What happens when you drink?

Lauren Booker | December 2018 | 7 minutes

Ever wondered how alcohol travels through your body and what it does while it's there? This blog explains what goes on from first sip until the next day.

We all know alcohol does something in our brain. For lots of us, that’s why we drink it! But what exactly does it do, and what else is going on in our bodies from the first sip to hangover recovery?

This text was adapted from Try Dry: The Official Guide to a Month Off Booze

First sip: Alcohol is absorbed, not digested. That means that from the moment you ingest it, it starts to make its way around your body through your bloodstream.

At 2 minutes: Once in the stomach, about 20 per cent of alcohol is absorbed. The rest carries on to your small intestine where it passes into the bloodstream. If the stomach is empty, it will travel to the intestines more quickly. This is why we’re often told not to drink on an empty stomach as it makes us feel the effects more quickly. Watch out though, this doesn’t mean that having a Big Mac before a bender will act as a super-shield to protect your body from the effects.

At 5 minutes: By this time the booze has reached your brain. Once there it disrupts chemical messages in different regions causing the range of effects that we know and love . . . and those we’re not so keen on. Everything from conscious actions like movement and thought to automatic functions like breathing and temperature control are affected. Essentially, we become less good at doing lots of stuff. We’re also getting dehydrated. And repeated heavy drinking over a long period can cause permanent damage to our neurons, the message carriers in our brains, leading to problems with memory, coordination and thinking.

After 30 minutes: It takes about this long for the alcohol to be absorbed and to be circulating through your bloodstream. It then passes to the liver for elimination. In about 30 minutes your blood alcohol concentration is starting to peak and that tipsy feeling has kicked in. As alcohol is a muscle relaxant, the muscular ring at the bottom of your oesophagus can get a bit too chilled and allow stomach acid through, causing acid reflux or heartburn.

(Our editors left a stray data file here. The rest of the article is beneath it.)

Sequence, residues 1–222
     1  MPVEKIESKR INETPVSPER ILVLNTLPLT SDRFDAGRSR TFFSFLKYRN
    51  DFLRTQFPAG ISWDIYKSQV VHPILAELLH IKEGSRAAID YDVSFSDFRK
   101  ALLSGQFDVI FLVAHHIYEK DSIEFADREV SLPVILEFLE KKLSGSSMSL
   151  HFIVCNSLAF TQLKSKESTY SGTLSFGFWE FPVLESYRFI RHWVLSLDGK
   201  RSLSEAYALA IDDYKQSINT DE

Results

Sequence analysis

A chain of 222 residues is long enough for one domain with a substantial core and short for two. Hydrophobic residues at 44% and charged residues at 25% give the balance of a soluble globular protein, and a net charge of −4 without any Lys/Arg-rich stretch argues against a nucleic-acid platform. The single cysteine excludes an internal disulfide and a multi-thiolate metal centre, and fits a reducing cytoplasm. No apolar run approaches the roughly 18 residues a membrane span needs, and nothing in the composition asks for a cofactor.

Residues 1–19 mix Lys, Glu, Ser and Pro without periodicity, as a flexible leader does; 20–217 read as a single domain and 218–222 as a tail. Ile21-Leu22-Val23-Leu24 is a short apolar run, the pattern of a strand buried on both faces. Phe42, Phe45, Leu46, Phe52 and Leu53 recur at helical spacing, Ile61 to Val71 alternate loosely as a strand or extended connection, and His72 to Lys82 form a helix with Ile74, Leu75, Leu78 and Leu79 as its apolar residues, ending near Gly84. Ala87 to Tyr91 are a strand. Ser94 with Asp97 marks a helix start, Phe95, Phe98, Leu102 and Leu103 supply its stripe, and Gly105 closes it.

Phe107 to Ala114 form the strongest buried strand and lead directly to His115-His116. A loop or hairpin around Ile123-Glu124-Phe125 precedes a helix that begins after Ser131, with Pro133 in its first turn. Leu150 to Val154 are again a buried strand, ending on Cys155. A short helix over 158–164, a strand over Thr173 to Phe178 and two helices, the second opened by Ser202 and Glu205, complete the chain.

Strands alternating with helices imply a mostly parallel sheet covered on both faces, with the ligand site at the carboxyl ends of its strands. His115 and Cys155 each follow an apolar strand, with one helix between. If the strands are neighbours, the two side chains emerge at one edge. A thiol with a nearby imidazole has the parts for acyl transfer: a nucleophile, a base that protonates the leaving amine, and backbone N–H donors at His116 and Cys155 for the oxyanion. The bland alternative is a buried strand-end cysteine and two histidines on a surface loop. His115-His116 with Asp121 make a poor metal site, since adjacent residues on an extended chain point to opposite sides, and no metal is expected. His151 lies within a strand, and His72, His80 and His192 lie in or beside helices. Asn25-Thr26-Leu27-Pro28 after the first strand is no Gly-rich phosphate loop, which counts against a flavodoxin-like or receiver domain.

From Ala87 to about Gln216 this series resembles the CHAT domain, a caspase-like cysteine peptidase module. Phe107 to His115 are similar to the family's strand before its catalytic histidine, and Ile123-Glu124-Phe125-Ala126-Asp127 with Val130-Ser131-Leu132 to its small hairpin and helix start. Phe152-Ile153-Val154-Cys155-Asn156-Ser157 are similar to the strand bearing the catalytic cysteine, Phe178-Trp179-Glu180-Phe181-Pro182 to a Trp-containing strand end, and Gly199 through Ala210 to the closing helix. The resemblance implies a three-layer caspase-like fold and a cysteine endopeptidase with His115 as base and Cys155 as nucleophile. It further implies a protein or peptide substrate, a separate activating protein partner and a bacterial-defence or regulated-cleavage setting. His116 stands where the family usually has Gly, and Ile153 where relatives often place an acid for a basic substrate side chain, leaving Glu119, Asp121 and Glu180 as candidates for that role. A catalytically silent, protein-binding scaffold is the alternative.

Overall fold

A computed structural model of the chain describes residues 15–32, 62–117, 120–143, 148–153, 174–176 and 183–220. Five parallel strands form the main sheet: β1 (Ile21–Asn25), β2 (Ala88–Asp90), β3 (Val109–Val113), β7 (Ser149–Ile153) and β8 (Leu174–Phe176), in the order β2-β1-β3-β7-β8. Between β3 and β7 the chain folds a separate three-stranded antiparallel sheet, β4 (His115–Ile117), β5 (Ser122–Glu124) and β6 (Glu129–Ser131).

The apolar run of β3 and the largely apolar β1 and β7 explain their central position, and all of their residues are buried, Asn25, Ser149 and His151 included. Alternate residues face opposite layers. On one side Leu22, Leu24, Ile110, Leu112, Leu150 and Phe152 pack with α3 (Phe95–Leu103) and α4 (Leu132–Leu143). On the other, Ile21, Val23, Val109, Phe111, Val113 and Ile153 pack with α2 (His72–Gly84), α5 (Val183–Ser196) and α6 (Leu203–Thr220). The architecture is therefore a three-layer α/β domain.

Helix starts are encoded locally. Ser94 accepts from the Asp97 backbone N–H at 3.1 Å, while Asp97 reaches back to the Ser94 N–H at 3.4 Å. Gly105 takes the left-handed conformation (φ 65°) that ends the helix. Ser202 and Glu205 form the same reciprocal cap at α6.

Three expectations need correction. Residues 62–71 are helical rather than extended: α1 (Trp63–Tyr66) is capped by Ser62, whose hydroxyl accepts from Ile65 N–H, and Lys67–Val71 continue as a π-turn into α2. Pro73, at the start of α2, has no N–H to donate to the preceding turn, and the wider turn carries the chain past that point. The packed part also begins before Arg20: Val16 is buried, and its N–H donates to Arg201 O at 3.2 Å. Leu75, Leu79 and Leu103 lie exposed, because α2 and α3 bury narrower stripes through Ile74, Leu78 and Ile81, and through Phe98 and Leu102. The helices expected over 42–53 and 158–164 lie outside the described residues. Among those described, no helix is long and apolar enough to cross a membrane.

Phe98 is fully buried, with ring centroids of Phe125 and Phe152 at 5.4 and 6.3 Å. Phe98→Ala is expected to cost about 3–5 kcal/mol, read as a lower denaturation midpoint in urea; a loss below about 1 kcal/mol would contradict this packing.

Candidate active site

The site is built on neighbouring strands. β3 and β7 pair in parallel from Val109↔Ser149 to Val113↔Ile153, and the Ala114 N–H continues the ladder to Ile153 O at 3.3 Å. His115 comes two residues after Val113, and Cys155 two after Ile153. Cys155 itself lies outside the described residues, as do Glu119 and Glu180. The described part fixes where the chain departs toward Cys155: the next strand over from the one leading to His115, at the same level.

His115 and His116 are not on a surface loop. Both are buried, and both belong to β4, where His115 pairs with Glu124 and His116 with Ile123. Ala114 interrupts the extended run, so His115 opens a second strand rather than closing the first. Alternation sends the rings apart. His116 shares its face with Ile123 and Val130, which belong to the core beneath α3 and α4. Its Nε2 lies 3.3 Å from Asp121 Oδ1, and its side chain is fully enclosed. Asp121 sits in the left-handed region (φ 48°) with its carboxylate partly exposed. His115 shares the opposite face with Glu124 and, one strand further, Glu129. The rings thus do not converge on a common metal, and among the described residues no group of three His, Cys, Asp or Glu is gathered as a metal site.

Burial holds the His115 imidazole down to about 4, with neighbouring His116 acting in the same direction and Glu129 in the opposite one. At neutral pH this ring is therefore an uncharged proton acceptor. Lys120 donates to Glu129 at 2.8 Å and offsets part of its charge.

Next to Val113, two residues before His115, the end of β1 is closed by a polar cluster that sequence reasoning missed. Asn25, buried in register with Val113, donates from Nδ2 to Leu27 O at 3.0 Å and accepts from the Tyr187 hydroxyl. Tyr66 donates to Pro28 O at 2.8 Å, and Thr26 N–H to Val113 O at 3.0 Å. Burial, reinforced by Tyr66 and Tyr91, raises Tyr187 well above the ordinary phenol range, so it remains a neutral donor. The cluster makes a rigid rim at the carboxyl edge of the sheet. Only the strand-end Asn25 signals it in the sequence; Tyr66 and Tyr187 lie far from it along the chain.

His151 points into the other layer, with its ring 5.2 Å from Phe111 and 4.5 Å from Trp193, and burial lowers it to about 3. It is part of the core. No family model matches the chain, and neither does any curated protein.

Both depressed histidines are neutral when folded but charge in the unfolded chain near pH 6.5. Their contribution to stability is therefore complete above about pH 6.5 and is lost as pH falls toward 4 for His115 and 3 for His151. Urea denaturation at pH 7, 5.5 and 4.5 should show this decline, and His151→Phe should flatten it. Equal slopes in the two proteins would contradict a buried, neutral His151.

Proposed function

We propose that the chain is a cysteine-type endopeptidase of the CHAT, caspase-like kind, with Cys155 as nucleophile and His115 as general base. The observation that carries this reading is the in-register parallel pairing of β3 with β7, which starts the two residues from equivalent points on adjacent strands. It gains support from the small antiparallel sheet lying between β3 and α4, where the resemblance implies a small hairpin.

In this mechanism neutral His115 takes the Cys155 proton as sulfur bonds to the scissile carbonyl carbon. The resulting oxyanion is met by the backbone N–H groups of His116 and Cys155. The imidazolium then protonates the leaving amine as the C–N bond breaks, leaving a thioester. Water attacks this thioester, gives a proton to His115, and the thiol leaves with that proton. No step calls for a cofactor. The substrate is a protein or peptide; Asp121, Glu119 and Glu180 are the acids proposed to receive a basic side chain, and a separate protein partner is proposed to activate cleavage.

At 60 minutes: It takes an hour for one unit of alcohol to be broken down by your liver. Your liver can’t work any faster than this (no matter how much coffee or water you drink) so if you consume more than one unit of alcohol in an hour, the rest will have to take a ticket and wait its turn in the bloodstream. Up to about 10 per cent of the alcohol is breathed out through your lungs (hence breathalysers) and the rest is broken down into carbon dioxide and water, which you will be excreting for the rest of the evening.

At 2 hours: If we continue to drink during this time we can expect to experience a range of psychological effects such as euphoria, sociability, paranoia, increased aggression and sudden mood swings. Physical effects are likely to include vomiting, poor coordination and terrible dancing. Our social sensibilities have become much weaker, which is why we don’t notice we’re hogging the karaoke machine.

Up to 6 hours: After four or more drinks your risk of injury is increased for about six hours as high levels of blood alcohol disrupt your coordination and thought processes. During this time you tend to be more clumsy or forgetful. You may fall asleep quickly, but it’s unlikely to be particularly restful sleep.

Up to about 10 hours: Sleep is disturbed for a number of reasons, including the blocking of REM sleep (the bit where you dream), interruption to your circadian rhythm (normal day/night cycles), the diuretic effect (extra trips to the bathroom), relaxation of throat muscles (snoring) and poor temperature control (sweating).

Up to about 18 hours: You’re likely to have a lower mood because of the depletion of a chemical called dopamine in the brain, the loss of important minerals and reduced glycogen, which makes blood sugar levels drop. After this, you gradually get back to normal, if you give your body a chance.

And that, people, is alcohol’s journey through your body from first sip to the next day. If you like what you’ve read, you can buy our new book Try Dry: The Official Guide to a Month Off Booze here.

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